The latest version of Google's Chrome browser presents a privacy risk through its search-term tracking, a Microsoft security executive has said.
Microsoft general manager Amy Barzdukas, who heads up Internet Explorer and consumer security for the software company, said on Wednesday that Chrome 3.0 sends packets of information to Google every time a character is typed into its search box.
"With Google Chrome 3.0, every keystroke you type is sending a packet to Google," Barzdukas told an audience at the RSA conference in London. "Browser vendors need to be careful with privacy."
Google's browser has already come under criticism from Microsoft over privacy. In September, the software maker said Google Chrome Frame — an Internet Explorer plug-in that replaces IE's rendering engine with Google's — doubled the attack area of the Microsoft browser.
Microsoft is engaged in a competitive battle with Google, which in July introduced Chrome OS, a web-focused operating system that goes up against desktop-focused Windows. Microsoft itself has launched its own search engine, Bing, to compete with Google's market-leading product.
Google has said it is taking a fresh look at the security architecture in both the Chrome browser and operating system so users do not have to deal with viruses, malware and security updates — all of which have affected Microsoft's products.
In her keynote speech, Barzdukas used an HTTP debugging proxy called Fiddler to demonstrate that IE8 does not send data back to Microsoft following each keystroke into its address box. She then contrasted that with the Chrome 3.0 browser, which sent data packets back to Google following each keystroke.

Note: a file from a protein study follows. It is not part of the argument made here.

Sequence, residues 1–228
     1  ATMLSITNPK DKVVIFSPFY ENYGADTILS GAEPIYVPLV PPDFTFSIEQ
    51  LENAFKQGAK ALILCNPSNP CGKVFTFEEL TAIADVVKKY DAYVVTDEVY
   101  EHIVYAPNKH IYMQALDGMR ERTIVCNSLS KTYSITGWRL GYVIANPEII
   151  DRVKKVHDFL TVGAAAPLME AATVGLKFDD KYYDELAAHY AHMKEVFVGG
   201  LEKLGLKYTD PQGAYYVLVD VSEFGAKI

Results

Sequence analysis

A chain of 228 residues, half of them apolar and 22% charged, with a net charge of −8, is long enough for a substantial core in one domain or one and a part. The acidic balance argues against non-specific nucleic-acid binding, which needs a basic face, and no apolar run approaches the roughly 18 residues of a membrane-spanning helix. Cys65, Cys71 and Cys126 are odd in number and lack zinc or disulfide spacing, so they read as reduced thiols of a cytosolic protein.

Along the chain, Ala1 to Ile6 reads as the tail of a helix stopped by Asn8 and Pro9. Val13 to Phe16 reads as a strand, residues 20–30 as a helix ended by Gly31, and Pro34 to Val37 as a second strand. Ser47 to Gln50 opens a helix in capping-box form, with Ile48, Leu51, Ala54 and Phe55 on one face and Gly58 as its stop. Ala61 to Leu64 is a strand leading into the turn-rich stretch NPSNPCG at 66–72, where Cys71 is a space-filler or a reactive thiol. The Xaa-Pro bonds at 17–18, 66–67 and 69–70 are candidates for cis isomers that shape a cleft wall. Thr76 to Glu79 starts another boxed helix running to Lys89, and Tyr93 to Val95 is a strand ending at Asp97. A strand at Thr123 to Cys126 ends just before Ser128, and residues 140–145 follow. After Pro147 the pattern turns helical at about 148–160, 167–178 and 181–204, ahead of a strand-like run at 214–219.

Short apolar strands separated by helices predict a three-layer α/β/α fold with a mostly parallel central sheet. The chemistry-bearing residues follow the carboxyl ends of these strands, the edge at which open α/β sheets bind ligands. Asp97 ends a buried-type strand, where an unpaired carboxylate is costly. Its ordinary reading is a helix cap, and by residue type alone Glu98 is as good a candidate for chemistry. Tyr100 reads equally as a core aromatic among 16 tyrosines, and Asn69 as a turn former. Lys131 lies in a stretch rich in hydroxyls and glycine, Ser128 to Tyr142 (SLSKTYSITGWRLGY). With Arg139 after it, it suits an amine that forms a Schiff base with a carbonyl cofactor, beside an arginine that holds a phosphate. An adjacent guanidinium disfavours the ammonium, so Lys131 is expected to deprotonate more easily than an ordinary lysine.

Several of Google's products monitor user activity and aggregate the data collected, with this information being used to serve contextual ads and other features.
Google on Wednesday denied that its Chrome browser compromised user privacy. In an email statement, a Google spokesperson said that Chrome sent typed letters to a web service so that users would have predictive functionality in search.
"In order to offer suggestions of URLs and queries based on what you type, Google Chrome must send the letters you've typed to a web service for relevant suggestions," said the spokesperson. "Google Chrome always uses your default search provider for suggestions so if your provider of choice offers a suggest service, you can use that service and nothing is sent to Google."
The spokesperson said that in Chrome, users can turn off the Suggest feature in Options, under the Basics tab. Furthermore, people can use "incognito mode", where Suggest is automatically disabled.
If the information is sent to Google, the company doesn't log data in 98 percent of cases, said the spokesperson. In 2 percent of cases Google anonymises its logs within 24 hours, the spokesperson added.